Here is my first SPFLite macro. I quote from the macro header:
' CsrFind.MACRO ' ' Issue a FIND command with the find target defined as: ' If there is a text string selected, it becomes the find ' target, ' If nothing is selected, the word starting with the cursor ' position is the find target. A word ends with the next ' character that is not a letter, a number, '-', or '_'.
Nice job. One suggestion, as this is something that is only too easy to have overlooked, rather than hard coding the letters making up a word, you can ask for the list associated with the current Profile using the Get_Profile$ function.
e.g. your line:
Dim WordChars As String Value "abcdefghijklmnopqrstuvwxyzåäöABCDEFGHIJKLMNOPQRSTUVWXYZÅÄÖ0123456789-_"
could be done as:
Dim WordChars As String Value Get_Profile$("WORD")
George, Thanks for your nice words and the tip. I implemented it right away. As I wanted to include a few special characters from my native tongue and - and _ that are frequent in variable names I changed it to read: Get_Profile$("WORD") & "åäöÅÄÖ-_". A citizen of another country would probably want another set of extra characters.
By the way, now I came to think of another feature that would be nice to implement in the macro: Would it be possible to have the FIND command end up in the list of commands that can be retrieved by the RETRIEVE command. Sometimes the string that you put the cursor on is not exactly the one you want to search for. You might want to change a few characters and do a new search or just do the same search a minute later when you don't have the original string in front of you on the screen. I don´t mean that I want the FIND command to end up in the retrieve list as an alternative to issuing the FIND, only that it would be nice if it could be retrieved after the FIND has been issued.
I have written a macro with the same logic in my 3270 emulator. There the FIND command gets placed in the retrieve list, but that is natural because the emulator is external to the ISPF editor and really puts the FIND command in the editor command line and presses Enter.
Len: You should also look at the option to include international characters under Options -> General -> Include international characters for WORD/Alphabetic Pictures? It may of course add too many since it includes basically all the ASCII European characters.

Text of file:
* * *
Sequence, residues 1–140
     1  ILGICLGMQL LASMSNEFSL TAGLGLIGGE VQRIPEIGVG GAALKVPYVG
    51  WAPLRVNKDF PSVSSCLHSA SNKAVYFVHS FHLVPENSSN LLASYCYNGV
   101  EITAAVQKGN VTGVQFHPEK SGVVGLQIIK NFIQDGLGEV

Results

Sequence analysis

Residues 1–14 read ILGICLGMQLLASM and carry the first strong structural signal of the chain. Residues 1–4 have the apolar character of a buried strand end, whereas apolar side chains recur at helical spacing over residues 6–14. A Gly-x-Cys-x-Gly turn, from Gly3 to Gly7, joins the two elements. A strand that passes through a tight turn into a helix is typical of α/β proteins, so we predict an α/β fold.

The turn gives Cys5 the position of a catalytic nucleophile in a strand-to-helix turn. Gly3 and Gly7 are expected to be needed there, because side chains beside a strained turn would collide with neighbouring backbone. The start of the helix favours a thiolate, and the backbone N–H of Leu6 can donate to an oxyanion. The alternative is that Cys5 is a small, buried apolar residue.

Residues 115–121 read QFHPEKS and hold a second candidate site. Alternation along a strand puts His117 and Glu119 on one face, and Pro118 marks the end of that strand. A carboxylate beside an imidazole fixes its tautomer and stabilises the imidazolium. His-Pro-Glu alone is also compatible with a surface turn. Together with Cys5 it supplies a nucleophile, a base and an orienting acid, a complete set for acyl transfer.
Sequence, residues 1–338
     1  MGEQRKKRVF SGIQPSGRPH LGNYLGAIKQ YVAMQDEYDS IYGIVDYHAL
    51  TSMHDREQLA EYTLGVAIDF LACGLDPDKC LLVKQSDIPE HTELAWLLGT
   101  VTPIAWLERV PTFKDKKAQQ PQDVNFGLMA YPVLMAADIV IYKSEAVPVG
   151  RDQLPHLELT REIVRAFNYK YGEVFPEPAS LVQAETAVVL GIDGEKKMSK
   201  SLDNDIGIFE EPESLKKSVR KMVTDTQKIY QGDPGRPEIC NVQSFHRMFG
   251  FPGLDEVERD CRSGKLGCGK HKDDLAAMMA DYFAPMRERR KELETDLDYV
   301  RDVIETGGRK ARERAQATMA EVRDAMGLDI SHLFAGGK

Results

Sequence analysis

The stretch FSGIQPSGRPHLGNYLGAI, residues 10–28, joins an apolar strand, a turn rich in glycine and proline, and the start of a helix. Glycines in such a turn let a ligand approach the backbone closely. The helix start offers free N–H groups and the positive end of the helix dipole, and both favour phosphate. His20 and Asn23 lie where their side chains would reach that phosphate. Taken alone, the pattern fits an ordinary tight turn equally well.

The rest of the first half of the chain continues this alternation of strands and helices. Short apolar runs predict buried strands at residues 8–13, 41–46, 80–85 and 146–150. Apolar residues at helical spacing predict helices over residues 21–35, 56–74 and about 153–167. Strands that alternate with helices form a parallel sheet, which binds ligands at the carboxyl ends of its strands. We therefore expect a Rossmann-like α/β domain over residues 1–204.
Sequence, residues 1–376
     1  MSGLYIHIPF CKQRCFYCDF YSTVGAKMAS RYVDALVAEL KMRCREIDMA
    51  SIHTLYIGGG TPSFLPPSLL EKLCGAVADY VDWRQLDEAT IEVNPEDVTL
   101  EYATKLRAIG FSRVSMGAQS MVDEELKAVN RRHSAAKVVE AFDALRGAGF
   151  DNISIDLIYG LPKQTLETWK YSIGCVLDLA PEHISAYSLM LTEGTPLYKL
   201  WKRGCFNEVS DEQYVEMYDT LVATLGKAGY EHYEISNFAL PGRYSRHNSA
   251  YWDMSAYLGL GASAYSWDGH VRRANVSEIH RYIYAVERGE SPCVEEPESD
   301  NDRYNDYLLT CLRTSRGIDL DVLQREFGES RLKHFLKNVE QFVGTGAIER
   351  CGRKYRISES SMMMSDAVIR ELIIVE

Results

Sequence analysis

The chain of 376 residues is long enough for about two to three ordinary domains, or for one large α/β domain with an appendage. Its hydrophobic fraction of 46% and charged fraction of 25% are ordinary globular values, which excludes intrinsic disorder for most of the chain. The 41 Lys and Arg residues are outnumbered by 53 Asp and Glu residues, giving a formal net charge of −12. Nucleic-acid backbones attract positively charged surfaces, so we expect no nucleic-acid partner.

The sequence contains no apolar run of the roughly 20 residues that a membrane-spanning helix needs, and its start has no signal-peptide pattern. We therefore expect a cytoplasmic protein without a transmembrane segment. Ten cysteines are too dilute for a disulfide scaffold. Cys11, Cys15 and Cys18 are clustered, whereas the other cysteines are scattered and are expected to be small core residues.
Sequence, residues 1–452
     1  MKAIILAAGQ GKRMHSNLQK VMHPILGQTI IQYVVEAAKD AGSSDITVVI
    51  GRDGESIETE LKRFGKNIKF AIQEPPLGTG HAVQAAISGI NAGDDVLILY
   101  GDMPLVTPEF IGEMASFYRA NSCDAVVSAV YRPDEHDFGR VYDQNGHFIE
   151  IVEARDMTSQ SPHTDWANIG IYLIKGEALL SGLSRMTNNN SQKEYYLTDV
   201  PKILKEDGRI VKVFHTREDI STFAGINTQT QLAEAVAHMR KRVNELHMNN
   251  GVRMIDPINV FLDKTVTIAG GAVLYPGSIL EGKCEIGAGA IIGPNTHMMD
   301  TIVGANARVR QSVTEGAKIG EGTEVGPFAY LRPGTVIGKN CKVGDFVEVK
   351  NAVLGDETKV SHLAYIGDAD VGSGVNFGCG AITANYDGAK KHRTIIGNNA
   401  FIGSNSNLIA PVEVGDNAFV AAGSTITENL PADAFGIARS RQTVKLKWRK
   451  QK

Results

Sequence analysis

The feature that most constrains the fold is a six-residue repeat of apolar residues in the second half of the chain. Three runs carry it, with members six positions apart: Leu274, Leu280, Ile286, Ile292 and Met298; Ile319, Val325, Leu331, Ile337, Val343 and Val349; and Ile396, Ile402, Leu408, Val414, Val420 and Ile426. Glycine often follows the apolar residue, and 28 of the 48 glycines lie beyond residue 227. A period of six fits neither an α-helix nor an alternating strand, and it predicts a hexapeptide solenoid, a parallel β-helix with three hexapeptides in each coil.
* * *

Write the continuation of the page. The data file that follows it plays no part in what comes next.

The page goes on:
As to adding a command to the RETRIEVE stack. I'd be very leery of that. For your macro, it would not be a problem. But think of a macro that is looping through the whole file by doing successive FIND commands. The stack would be full of FIND commands.
George, I keep being amazed by all the features you have included in SPFLite. I will change my macro once more and remove my national characters. I changed to "Include international characters" and performed the "erase Normal characters for P'.' picture literals" trick, as I had earlier modified that string to include my national characters".
The fact that there are a lot of irrelevant international characters in the string does not matter since those characters are not present in the strings that I am interested in handling. Marvelous!
Another wild idea for the retrieve issue, if you would be interested: What about making the inclusion of SPF_Cmd commands in the retrieve stack optional by prefixing the command string with &. In my mind that would make some sense, since & normally means "retain the command on the command line". The meaning in macros would then be "retain the command in the retrieve stack". The command would be saved in the retrieve stack without the &. Then it is of course another matter if this is at all doable and if there are drawbacks that I don´t see.
The & code on the command line means that the command is "retained" on the command line, but is not put on the stack. For SPF_Cmd, there is no need to "retain" a command, since it's just a string expression, and if you needed it again, you'd just re-issue the same string expression.
This issue is similar to the ! on the command line to clear any prior contents, which is useful in some key-mapped commands. You wouldn't need an ! in a macro, because there's no command-line to clear; it's just the SPF_Cmd expression with is re-specified each time.
If you wanted to use some code to mean, "be sure to put this command on the stack" then maybe you want a code for key-mapped commands that says, "don't put this command on the stack". One of the commands I (sometimes) wish were not on the stack is END.
Suppose you had a code of ~ and had it mean, "whatever you were going to do regarding the stacking of the current command, do the opposite".
That would handle both situations, and would avoid creating a 'contradictory' meaning for the & code.
It's possible that a key-mapped command might need both ! and ~ so the parsing for this would have to be done carefully.
If you don't like END, maybe you should set the minimum command length for Retrieve to 4 or higher. The purpose of the setting is exactly that, don't retain commands that are just as quick and easy to re-type. If you did so, commands of length 3 and under would not be retrievable, not exactly a big loss.
It isn't a matter of the command being easy to type or not. It's that I don't want to retrieve it at all. The fact is, I never type an END command. I always use F3. But if I am retrieving commands and there was an F3 used, END gets put into the stack. However, I might have a CHANGE command as C, and just because it's short doesn't mean it's not important. I don't think that equating 'importance' with 'command length' is a valid assumption - at least not always.
In any case, if you were going to recognize some kind of code in SPF_Cmd to force an entry onto the stack, it seems reasonable to have a code to avoid the stack. Just saying ...